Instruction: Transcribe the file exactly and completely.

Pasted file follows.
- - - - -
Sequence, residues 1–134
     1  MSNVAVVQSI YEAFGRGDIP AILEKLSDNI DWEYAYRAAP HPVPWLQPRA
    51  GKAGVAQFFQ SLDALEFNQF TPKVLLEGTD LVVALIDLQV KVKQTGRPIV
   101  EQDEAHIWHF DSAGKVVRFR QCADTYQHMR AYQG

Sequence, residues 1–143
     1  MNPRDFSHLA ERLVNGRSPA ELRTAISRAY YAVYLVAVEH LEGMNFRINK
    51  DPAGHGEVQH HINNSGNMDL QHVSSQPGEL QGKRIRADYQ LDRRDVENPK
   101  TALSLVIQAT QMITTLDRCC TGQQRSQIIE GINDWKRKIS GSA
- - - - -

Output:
Sequence, residues 1–134
     1  MSNVAVVQSI YEAFGRGDIP AILEKLSDNI DWEYAYRAAP HPVPWLQPRA
    51  GKAGVAQFFQ SLDALEFNQF TPKVLLEGTD LVVALIDLQV KVKQTGRPIV
   101  EQDEAHIWHF DSAGKVVRFR QCADTYQHMR AYQG

Sequence, residues 1–143
     1  MNPRDFSHLA ERLVNGRSPA ELRTAISRAY YAVYLVAVEH LEGMNFRINK
    51  DPAGHGEVQH HINNSGNMDL QHVSSQPGEL QGKRIRADYQ LDRRDVENPK
   101  TALSLVIQAT QMITTLDRCC TGQQRSQIIE GINDWKRKIS GSA